Six months after it came out the book had sold 400,000 copies, making it the most successful first year for a Harvard University Press book by a factor of seven—and it was only June.

But good press, good timing, and the fact that Piketty had an impressive record of achievement already aren’t the only factors behind the viral spread of Capital. There are plenty of well-reviewed books that no one reads. Chalk up the difference (well, it’s a theory, anyway) to Piketty’s aforementioned cool factor—one that may be unprecedented in the modern history of academia. For evidence, consider the breakdown of the 400,000 copies of Capital sold: Of that prodigious amount, only 60,000 were e-books. People, it seems, didn’t just want to read the book, they wanted to be seen reading the book. (If you read a book on a Kindle and no one sees it, did it really happen?) Twitter, Instagram and Facebook were full of shots of the cover. When Capital sold out in stores and on Amazon, the added element of exclusivity only increased its cachet.

In some ways, the book’s popularity might say more about us than it does about inequality. Wharton marketing professor Jonah Berger, who has studied and written about why things catch on, thinks the primary reason we share something online is to make ourselves look good. Take something as banal as the enormously popular laughing baby YouTube video (nine million views and counting). As consumers, when we post that video to social media or share it over e-mail, it shows our friends we’re empathic, we’re part of the conversation, and we’re good curators of content. The statement of self-identity made by someone who shares a picture of themselves reading Capital is even more obvious—it reveals to to the world that follows that person that he or she is part of the conversation, intellectually ambitious, and concerned with the pressing issues of the day.

One more reason Piketty’s book might have become catnip for a digital age is a bit counterintuitive: it isn’t rocket science. According to Berger, messages spread faster when they’re easy to understand. And while Capital may be cloaked in dense economic theory, the central argument boils down to a simple equation: r > g, or return on capital exceeds economic growth. That is to say, returns for the rich, who invest their wealth, accumulate faster than the economy as a whole grows.

The extension of his theory contains what Berger says is another irresistibly click-able element—fear. If the wealth divergence continues unabated, Piketty writes, the consequences are “potentially terrifying.” Growing inequality is propelling us toward another Victorian era, where a wasteful, rent-seeking upper crust rules over a sprawling proletariat underclass.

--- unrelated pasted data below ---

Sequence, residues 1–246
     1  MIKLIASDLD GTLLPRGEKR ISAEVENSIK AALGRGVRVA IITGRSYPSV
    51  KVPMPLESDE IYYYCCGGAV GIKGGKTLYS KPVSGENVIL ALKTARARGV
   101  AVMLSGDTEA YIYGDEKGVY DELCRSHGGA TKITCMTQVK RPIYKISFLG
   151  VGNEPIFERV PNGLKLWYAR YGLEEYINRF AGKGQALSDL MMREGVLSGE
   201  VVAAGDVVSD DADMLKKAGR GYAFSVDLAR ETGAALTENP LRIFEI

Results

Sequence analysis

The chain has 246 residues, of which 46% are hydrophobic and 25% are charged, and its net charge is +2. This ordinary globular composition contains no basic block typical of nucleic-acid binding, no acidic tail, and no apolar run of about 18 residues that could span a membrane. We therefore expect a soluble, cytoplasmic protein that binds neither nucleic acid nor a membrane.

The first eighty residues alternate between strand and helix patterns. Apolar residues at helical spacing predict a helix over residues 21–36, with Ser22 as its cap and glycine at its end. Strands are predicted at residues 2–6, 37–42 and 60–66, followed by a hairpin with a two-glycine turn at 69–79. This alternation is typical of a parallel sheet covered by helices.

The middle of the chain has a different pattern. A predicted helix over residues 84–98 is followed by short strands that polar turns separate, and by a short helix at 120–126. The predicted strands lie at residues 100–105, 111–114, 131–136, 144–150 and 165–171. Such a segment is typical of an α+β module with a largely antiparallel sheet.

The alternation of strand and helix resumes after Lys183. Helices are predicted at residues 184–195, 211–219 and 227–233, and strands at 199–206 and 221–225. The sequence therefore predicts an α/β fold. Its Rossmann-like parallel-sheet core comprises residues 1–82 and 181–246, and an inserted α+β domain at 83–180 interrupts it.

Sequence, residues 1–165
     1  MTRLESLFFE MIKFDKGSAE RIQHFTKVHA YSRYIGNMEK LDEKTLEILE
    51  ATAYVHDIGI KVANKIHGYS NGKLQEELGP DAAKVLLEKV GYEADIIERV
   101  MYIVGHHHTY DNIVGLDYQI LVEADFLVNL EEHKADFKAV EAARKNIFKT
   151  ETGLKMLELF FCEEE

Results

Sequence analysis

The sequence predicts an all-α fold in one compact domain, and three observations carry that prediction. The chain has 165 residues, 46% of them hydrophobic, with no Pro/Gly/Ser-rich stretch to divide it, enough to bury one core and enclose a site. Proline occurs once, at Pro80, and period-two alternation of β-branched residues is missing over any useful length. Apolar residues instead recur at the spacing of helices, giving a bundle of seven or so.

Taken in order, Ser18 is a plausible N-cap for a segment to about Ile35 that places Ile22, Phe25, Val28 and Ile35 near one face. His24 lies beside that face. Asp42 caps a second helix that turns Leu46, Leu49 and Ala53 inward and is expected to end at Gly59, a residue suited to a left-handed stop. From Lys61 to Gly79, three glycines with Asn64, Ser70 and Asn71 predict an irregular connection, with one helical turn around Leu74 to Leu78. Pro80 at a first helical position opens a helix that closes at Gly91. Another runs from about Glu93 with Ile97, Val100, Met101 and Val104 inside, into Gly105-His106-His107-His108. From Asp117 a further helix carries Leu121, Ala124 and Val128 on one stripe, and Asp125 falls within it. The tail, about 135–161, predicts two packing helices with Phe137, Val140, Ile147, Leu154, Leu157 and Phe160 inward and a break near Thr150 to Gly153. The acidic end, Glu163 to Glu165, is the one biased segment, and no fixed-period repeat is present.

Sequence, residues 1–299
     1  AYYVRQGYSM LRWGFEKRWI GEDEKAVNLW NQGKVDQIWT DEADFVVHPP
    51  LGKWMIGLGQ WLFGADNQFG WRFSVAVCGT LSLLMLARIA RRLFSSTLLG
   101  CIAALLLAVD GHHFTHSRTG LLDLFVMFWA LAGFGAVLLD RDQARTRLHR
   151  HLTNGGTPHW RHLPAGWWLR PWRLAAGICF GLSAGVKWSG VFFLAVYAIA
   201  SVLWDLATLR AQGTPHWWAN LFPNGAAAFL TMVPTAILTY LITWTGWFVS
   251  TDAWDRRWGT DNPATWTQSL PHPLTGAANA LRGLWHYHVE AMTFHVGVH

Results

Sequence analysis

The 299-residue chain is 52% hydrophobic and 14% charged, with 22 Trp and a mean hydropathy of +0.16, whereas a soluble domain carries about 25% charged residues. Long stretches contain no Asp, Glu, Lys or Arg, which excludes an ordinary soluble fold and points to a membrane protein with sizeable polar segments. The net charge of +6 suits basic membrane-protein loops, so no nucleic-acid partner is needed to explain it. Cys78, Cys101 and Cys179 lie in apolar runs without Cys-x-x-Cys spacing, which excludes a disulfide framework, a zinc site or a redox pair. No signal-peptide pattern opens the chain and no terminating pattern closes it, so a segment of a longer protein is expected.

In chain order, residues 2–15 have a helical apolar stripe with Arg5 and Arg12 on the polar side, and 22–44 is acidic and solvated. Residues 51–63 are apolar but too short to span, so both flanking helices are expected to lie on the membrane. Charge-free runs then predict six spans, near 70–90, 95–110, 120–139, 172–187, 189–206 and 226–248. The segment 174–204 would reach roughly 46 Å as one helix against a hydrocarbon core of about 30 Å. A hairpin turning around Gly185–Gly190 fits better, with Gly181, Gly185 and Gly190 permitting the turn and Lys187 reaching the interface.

But despite the resonance of its warning, the final—and, perhaps, fundamental—reason the book caught on is also the simplest of all: it’s very good. Regardless of your opinion of the criticism in the Financial Times, Piketty’s data gives substance and clarity to an urgent national debate. Matt Yglesias makes the point that thanks to the superstar effect, gains for the very best—whether it’s an author, an athlete, or a rock star—tend to accumulate much faster than the gains to the runners up. This is especially true in a globalized, e-commerce economy where consumers can buy anything from everywhere, and the best-in-category products are readily available to everyone.

Ironically, in the marketplace, the superstar effect itself is a driver of income inequality. In the book world, as Yglesias writes, it means that “being the book on economic inequality is much more lucrative than being the fourth-best book on economic inequality.”

There will be more very good academic books, but Piketty-like contagion will likely be difficult to replicate. With its intellectual scoops, its perfect timing, and its comprehensive data sets, Capital was, in many ways, primed for success. To replicate it, an author would have to conjure up another freakishly perfect mixture of skill and luck, cool and clarity, resonance and readability. That doesn’t happen often. In the end, while there are a lot of YouTube videos of babies who are laughing, there’s only one laughing baby.


For more inside the world of contagion, see

CONTAGION—How things spread. Introducing a new Fortune series

• Part 1: How a bat virus became a human killer

• Part 2: How the MERS virus made it to Munster, Indiana

• Part 3: How M&A rumors spread

• Part 4: How market selloffs happen

• Part 5: How Americans fell in love with a 685-page economics treatise

• Part 6: How the “selfie” became a social epidemic

• Part 7: How studying Twitter became an academic craze